First Taste

Sonata's Restaurant Brings Modern European Cuisine and a Touch of Glam to Scottsdale Dining

When a new spot opens in town, we can't wait to check it out — and let you know our initial impressions, share a few photos, and dish about some menu items. First Taste, as the name implies, is not a full-blown review, but instead a peek inside restaurants that have just opened, sampling a few items, and satisfying curiosities (yours and ours).

Restaurant: Sonata's Restaurant
Location: 10050 North Scottsdale Road #127, Scottsdale
Open: Less than a month
Eats: Eastern European fare with a modern twist
Price: $20-$25/person

Dressed-up burger bars, refined craft pizza parlors, and white-tablecloth steakhouses have become the totemic features of Scottsdale dining in recent years. But if you would rather chew on your cloth napkin than indulge another fancy burger or pizza or filet mignon, you will probably welcome Sonata's Restaurant as a breath of fresh air.

Sonata's may be one of the most ambitious new restaurants to debut in Scottsdale this season, offering a sprawling menu of European-inspired dishes, culled in part from Lithuanian-born owner Sonata Molocajeviene Tuft's own private trove of Old World family recipes. The executive chef here is Josh Bracher, a graduate of the Arizona Culinary Institute, previously of Second Story Liquor Bar and Tanzy, who seems to relish in dressing up Eastern European staples like borscht and cabbage rolls, plus a smattering of other classic European dishes.
The restaurant is situated in a quiet strip mall near the intersection of Scottsdale Road and Gold Dust Avenue, obscured from street view by the brassy, sprawling exterior of a California Pizza Kitchen restaurant.

Past the faint scent of thin-crust pizza, though, Sonata's occupies a large corner strip mall space, at night beckoning like a sort of glittering mirage. The restaurant is refined and self-referentially grand — a portrait of the owner graces the main dining room — but also undeniably inviting. Much of the design credit goes to Sonata Molocajeviene Tuft's son and resident "chief operating officer" Deividas Molocajevas, who has created a space where small crystal chandeliers cast a soft nostalgic glow over the bar, Sinatra croons over the speakers, and pretty much every seat in the house is tufted and plush. The spacious outdoor patio, with canary yellow tufted booths and a flickering fire pit, rivals the comfortable airs of the grand-statement resorts just up the road.

Along with the regular lunch and dinner menu, Sonata's offers an abbreviated late-night menu on the weekends, a crepe-centric brunch menu with a full Bloody Mary and mimosa bar on Saturdays and Sundays, and a fresh juice bar geared toward health-minded grab-and-go diners.

Standouts from the drink menu include a small but interesting selection of Lithuanian bottled beers, plus a signature cocktail menu heavy on vodka-based concoctions like the Prickly Peach, a peachy Ciroc blended with prickly pear jelly, and just enough brut to give the sweet-tart drink some sparkle. It comes with an edible flower floating on the surface of the drink, and already promises to become the favored pink drink of choice for romantic cocktail drinkers north of Old Town.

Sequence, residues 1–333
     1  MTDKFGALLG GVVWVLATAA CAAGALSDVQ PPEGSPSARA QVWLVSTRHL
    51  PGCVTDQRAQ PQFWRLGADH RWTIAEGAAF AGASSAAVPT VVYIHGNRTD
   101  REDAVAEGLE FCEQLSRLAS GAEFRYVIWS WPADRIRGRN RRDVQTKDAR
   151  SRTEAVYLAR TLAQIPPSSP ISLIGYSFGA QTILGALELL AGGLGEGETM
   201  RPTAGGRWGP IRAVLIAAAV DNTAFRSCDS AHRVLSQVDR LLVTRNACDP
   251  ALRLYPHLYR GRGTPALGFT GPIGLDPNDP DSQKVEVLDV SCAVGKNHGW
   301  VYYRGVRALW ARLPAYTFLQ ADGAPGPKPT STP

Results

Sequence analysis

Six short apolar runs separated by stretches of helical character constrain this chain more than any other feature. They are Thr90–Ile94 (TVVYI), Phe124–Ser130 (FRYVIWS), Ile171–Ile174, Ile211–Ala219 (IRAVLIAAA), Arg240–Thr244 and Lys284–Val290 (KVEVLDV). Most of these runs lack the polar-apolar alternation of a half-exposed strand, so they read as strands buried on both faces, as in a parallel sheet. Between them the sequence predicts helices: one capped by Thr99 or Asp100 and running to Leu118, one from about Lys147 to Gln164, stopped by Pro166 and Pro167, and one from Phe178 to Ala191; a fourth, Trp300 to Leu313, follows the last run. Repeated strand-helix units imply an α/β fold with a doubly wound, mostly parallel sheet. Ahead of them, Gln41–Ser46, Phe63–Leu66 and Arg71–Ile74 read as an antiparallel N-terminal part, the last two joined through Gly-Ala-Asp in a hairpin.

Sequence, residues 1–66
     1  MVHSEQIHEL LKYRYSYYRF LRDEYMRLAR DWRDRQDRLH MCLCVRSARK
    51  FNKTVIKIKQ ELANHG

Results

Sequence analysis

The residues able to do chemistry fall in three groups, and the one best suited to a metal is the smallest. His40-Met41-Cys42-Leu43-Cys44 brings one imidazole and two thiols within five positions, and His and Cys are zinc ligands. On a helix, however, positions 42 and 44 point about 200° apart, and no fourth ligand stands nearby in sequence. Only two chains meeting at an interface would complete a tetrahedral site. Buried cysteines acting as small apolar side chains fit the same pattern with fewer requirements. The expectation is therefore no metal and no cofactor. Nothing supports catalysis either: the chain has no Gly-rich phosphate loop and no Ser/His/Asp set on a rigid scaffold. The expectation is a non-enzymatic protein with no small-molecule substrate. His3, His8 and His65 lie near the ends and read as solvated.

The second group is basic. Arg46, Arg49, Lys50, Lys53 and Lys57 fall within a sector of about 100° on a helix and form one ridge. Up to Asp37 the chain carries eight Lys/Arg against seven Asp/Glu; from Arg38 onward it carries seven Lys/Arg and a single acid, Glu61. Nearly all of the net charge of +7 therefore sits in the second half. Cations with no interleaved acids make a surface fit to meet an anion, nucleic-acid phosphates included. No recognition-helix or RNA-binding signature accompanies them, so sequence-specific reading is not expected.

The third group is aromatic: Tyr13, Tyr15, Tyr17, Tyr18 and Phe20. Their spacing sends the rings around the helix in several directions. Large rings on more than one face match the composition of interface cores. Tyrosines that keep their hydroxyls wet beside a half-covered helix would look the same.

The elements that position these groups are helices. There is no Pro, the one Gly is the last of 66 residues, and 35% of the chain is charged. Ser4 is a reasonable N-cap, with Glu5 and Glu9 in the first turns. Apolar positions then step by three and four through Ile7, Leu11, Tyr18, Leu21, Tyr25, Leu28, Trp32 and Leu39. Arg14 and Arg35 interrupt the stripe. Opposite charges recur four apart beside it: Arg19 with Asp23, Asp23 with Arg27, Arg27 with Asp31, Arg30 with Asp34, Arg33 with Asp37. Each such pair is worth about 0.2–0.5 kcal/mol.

Probably the most essential starter at Sonata's is an order of the kepta duona, a classic Lithuanian bar snack consisting of dark rye bread, sliced into neat, finger-length strips that are rubbed in garlic and salt, then fried to a crisp finish. Here, the kepta duona have been dressed-up a bit, tossed and fried in a duck fat aioli, and draped in glossy layers of melted Havarti cheese. They come stacked neatly inside a small cast-iron pan like Lincoln Logs, and they are very, very good. Every bite resonates with crunch, and the extra-rich dousing of duck fat and herbs is more than worth a swoon or two. Throw back a couple of these and the other minute details of your life (your cholesterol levels, for instance) are to be easily forgotten.

Cabbage rolls, another starter, are richly flavored with braised beef and pork, but come off a bit clunky. The delicate rolls are buried under pomodoro sauce, although a helping of salty bryndza sheep's milk cheese and smetana, a sort of Eastern European crème fraîche, help cut through the acidity of the sauce. In the end, everything sort of melts together, approximating the saucy, savory, and hearty richness of something like lasagna.
Short rib stroganoff, a dinner entree recommended by the dinner staff on a recent night, is worlds apart from the Betty Crocker comfort food dish that many of us grew up with. The smoked short rib, generously portioned, is slinky, tender and nicely seasoned, and it's topped with a rich, creamy puddle of smetana. The beef is scented and deepened with the flavor of wild mushrooms. The dish is paired with your choice of Boursin potatoes or house-made pappardelle egg noodles. It's hard to resist the call of freshly-made pasta, though, and the one here is slippery and eggy in all the right ways.

Dutch oven crab-stuffed cod, another dinner entree, is not quite as nicely balanced — the cod is served in a pan loaded down again with too much pomodoro sauce, its acidity amplified with a sprinkling of capers and olives. But the cod itself is beautifully seared and seasoned, and topped with a dappling of aromatic crab meat and microgreens.

Sonata's may not be your next destination for pizza or burgers — or even steaks — but it promises something much more interesting and well-crafted. And maybe that's precisely what Scottsdale needs right about now.

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Patricia Escárcega was Phoenix New Times' food critic.